The Current Landscape of Operating Models
Organisations are in two states of being at the moment:
- Focusing all their efforts toward keeping key services running. Delivering critical health/social care, maintaining field to fork supply chains or delivering other key services fall in this category.
- Other companies are considering what their options are when the world returns to its new normal.
This blog focuses on organisations emphasizing efforts to keep key services running. A follow up blog will focus on the second category of companies.
The Operating Model Tested
Organisations focusing their efforts onto running key services are quickly learning the inner-workings of their operating model. Simultaneously, they’re learning what it means to truly be agile. Without a doubt, we all realize that key-service organisations in our countries are doing all they can to respond to the current crisis. The pace of change happening to operating models and ways of working would be considered impossible under normal circumstances. This has allowed me to take a step back and put on my organisation designer’s hat. Using the OTM Applied Star model as a lens provides interesting insights.
A Supermarket’s Response in the UK
Consider the UK supermarket that changed its operating model in response to COVID-19. Changes involve:
- Handling a significant increase in demand
- Providing a safe environment for its staff and customers
- Maintaining business continuity with high levels of enforced absence.
These are all changes to Business Direction, which are played out at every point of the Star model.
The core customer value creating work in the Value Stream is the same, but the demand changed. Because supermarkets have a deep understanding of their Value Stream, they reduced the number of SKUs (Stock Keeping Units) to remove complexity for themselves and their suppliers.
Emphasis on Staff
Although staff and customer safety is always a strategic imperative, COVID-19 requires new work in the Value Stream which has led to new roles in the Structure. This includes ‘Customer hosts’ who help customers remain 2m apart while shopping. They also ensure that a safe, maximum number of customers in a store are not exceeded.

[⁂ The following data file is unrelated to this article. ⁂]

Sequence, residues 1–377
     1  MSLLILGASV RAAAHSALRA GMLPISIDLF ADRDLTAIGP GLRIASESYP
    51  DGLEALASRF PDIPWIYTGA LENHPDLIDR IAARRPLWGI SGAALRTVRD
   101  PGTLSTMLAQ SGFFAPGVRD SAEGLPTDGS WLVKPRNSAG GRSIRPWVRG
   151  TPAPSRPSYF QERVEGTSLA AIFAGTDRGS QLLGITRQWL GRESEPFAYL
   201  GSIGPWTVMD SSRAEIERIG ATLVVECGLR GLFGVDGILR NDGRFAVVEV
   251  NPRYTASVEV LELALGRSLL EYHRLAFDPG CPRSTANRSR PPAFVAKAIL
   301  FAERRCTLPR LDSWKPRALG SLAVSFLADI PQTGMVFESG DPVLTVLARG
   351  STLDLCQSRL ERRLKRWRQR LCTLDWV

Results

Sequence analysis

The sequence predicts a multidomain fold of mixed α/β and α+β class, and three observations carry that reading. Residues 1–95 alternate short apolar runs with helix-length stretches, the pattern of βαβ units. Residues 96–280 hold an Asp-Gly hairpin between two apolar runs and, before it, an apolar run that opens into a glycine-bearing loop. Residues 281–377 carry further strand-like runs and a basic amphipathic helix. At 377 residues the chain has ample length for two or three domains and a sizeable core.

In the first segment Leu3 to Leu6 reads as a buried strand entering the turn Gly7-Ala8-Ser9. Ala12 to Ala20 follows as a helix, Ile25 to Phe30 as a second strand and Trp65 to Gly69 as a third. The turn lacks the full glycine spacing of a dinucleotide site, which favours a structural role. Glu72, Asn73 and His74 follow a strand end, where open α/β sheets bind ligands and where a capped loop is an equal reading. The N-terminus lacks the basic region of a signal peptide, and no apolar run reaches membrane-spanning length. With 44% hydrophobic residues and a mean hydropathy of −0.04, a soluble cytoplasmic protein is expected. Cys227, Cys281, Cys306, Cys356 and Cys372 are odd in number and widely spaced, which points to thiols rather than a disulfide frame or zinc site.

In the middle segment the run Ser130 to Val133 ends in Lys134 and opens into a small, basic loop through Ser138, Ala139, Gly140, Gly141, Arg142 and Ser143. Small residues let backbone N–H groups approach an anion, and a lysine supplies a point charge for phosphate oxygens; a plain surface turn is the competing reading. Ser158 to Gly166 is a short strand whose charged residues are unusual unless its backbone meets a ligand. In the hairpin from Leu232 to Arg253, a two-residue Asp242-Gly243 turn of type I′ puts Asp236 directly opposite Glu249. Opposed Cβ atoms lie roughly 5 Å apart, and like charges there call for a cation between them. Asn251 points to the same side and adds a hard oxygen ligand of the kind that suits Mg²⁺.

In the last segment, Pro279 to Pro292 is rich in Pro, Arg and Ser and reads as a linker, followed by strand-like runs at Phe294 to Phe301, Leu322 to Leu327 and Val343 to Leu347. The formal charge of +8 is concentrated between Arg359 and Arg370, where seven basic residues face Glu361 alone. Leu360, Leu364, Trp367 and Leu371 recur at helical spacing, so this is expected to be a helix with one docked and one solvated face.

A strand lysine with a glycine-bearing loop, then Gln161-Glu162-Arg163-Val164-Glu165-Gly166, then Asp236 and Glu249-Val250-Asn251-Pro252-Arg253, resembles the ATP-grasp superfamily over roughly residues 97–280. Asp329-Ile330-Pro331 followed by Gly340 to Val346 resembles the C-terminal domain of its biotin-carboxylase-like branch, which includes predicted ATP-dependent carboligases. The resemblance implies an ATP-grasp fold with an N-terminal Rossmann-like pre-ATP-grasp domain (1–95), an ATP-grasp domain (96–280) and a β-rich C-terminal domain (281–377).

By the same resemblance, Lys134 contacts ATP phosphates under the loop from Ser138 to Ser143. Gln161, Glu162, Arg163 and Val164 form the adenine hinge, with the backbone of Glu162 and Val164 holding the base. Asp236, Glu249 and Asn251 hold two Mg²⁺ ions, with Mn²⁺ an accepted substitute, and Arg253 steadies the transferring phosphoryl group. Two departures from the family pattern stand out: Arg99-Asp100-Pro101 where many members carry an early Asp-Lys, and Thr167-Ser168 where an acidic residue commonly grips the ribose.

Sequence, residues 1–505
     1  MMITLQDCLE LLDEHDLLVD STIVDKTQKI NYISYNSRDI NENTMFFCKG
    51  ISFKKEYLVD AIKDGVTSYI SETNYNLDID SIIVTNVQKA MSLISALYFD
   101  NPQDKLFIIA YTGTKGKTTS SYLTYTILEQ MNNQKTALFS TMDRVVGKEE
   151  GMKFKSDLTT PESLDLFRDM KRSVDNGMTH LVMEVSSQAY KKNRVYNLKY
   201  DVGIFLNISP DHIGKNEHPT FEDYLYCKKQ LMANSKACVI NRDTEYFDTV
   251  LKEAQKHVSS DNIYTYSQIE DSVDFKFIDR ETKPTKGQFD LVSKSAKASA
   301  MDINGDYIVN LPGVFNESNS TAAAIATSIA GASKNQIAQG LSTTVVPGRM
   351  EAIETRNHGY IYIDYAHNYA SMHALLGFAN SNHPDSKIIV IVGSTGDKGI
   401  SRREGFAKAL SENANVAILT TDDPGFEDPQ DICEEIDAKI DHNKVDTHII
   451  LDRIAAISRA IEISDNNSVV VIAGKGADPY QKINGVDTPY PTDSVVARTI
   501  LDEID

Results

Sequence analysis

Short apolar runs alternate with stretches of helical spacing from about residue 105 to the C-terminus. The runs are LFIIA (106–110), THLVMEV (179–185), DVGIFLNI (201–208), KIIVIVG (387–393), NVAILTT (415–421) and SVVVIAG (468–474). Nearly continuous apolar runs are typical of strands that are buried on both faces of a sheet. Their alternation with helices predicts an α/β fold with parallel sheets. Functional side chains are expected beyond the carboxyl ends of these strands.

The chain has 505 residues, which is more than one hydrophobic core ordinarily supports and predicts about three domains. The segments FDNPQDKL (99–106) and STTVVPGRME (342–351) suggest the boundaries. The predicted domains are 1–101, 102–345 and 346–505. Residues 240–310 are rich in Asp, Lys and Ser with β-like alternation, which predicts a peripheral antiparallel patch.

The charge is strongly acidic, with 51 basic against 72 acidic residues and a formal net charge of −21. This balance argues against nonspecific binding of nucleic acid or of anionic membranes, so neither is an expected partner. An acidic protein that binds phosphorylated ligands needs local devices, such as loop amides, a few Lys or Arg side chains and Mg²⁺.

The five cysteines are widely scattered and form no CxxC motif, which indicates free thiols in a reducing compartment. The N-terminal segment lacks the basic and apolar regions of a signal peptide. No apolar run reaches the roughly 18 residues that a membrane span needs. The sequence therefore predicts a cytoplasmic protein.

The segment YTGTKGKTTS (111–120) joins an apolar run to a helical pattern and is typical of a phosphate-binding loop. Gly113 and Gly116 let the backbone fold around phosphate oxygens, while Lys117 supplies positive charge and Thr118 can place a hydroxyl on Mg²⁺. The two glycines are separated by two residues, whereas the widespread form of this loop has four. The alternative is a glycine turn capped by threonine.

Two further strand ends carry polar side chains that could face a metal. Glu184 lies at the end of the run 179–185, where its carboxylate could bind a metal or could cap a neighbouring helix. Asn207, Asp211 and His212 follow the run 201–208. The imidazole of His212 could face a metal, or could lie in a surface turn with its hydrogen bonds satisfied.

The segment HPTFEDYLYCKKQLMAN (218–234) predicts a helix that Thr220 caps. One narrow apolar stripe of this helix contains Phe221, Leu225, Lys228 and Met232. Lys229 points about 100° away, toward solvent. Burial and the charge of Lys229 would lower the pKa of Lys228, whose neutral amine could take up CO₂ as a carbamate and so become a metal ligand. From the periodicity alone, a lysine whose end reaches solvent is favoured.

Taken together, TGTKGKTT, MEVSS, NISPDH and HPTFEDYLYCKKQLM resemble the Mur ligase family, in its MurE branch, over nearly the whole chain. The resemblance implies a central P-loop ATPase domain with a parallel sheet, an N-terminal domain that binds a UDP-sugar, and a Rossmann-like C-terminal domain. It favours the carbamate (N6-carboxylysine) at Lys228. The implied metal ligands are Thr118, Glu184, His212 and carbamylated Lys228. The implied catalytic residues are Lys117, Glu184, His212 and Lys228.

Increased demand, new work and higher than usual absence levels will always put pressure on the existing workforce. Luckily they already built robust data driven ERP (Enterprise Resource Planning) processes and systems as a Management Mechanism. By gluing together the core value creating work, the organisation was able to assess the changes they needed to resourcing levels within the Structure. The need for an additional 20,000 employees was identified and the existing People Processes filled these positions within 10 days. As a result, necessary changes to Reward and Recognition processes were introduced.
Here are actual notices the market made public for consumers and employees:
- We have almost 3,000 colleagues over the age of 70 and we are fully supporting them, as well as our vulnerable and pregnant colleagues, with 12 weeks’ fully paid absence.
- Colleagues who are in isolation are receiving full pay from their first day of absence, so that nobody finds themselves in a situation where they have to work when unwell.
- To help support our team, we are recruiting an additional 20,000 temporary colleagues. We’ve already appointed 12,500 new colleagues, but we will need more. We are also bringing in 8,000 new colleagues in driving roles, and we are training them as fast as we can